Convergent series

In mathematics, a series is the sum of the terms of an infinite sequence of numbers. More precisely, an infinite sequence $(a_{0},a_{1},a_{2},\ldots )$ defines a series S that is denoted

$S=a_{0}+a_{1}+a_{2}+\cdots =\sum _{k=0}^{\infty }a_{k}.$ The nth partial sum Sn is the sum of the first n terms of the sequence; that is,

$S_{n}=\sum _{k=1}^{n}a_{k}.$ A series is convergent (or converges) if the sequence $(S_{1},S_{2},S_{3},\dots )$ of its partial sums tends to a limit; that means that, when adding one $a_{k}$ after the other in the order given by the indices, one gets partial sums that become closer and closer to a given number. More precisely, a series converges, if there exists a number $\ell$ such that for every arbitrarily small positive number $\varepsilon$ , there is a (sufficiently large) integer $N$ such that for all $n\geq N$ ,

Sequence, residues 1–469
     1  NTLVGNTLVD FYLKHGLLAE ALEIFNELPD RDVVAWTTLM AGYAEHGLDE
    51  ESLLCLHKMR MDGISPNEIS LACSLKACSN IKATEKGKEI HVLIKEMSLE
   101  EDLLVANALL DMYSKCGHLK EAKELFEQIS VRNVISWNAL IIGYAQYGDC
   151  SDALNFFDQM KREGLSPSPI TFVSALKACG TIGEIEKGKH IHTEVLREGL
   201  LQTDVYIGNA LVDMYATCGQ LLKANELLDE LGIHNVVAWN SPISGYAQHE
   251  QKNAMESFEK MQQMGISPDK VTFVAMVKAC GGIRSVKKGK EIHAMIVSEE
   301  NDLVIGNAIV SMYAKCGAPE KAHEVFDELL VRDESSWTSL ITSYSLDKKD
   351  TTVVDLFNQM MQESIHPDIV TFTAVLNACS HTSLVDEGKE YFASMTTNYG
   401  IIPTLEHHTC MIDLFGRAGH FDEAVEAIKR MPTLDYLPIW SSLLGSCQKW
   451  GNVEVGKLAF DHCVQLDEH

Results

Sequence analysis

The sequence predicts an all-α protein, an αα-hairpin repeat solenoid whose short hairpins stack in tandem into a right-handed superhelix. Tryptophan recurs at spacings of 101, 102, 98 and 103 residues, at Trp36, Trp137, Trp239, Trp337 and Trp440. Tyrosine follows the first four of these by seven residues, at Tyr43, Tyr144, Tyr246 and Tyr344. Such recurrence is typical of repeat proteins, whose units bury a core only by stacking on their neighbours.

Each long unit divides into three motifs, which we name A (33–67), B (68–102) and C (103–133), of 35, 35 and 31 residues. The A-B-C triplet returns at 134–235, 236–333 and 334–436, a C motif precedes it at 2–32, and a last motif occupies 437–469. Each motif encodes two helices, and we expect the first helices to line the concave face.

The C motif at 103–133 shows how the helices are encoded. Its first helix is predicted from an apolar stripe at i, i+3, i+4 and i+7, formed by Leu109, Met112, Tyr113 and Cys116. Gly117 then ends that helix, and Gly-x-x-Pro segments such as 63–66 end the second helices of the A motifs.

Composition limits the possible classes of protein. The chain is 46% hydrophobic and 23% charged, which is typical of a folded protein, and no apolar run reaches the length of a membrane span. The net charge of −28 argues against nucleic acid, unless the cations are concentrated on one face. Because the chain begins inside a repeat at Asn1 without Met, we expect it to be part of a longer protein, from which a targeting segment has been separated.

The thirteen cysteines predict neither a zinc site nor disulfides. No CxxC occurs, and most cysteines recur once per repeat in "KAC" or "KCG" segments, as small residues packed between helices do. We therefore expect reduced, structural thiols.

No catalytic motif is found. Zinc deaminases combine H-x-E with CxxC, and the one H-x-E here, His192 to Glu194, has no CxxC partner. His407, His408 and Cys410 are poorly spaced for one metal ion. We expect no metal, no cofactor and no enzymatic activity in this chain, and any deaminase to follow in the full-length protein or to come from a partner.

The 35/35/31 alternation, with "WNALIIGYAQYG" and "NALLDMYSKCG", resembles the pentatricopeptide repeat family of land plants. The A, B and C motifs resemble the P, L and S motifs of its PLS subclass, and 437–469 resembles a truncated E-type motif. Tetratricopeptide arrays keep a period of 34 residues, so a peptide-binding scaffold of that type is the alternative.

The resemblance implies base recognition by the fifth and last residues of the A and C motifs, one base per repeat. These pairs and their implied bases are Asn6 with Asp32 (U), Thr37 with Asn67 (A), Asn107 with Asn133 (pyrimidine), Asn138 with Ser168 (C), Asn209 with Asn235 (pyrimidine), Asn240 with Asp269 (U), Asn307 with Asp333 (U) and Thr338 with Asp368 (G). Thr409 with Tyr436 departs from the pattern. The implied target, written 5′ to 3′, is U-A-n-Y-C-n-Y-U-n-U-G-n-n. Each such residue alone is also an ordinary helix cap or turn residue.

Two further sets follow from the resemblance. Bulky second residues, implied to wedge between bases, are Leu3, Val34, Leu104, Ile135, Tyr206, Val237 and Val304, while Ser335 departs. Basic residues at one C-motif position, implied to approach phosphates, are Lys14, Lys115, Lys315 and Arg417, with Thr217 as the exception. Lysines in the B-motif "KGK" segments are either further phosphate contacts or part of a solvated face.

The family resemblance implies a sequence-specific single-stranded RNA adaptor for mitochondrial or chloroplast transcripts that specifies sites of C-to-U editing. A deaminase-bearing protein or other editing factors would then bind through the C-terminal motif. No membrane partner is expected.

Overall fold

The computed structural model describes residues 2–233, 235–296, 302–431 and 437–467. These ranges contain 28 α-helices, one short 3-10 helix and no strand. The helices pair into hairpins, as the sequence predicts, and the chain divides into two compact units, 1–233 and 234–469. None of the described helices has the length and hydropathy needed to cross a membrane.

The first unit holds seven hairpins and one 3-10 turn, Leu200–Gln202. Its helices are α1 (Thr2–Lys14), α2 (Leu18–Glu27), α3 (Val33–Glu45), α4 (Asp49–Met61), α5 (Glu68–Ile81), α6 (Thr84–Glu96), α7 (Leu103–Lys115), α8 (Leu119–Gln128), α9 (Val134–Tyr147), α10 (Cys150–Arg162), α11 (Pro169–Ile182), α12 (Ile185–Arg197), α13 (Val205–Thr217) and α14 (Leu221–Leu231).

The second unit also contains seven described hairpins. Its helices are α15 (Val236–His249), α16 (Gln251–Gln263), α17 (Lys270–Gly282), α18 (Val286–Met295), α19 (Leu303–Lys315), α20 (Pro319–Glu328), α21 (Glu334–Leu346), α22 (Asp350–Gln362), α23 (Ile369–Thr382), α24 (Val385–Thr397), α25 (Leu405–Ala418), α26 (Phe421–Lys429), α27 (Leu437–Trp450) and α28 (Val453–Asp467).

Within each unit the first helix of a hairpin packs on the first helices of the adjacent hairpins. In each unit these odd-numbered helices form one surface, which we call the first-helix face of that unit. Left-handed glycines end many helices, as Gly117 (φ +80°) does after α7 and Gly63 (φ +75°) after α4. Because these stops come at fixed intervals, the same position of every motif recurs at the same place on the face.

$\left|S_{n}-\ell \right|<\varepsilon .$ If the series is convergent, the (necessarily unique) number $\ell$ is called the sum of the series.

The same notation

$\sum _{k=1}^{\infty }a_{k}$ is used for the series, and, if it is convergent, to its sum. This convention is similar to that which is used for addition: a + b denotes the operation of adding a and b as well as the result of this addition, which is called the sum of a and b.

Any series that is not convergent is said to be divergent or to diverge.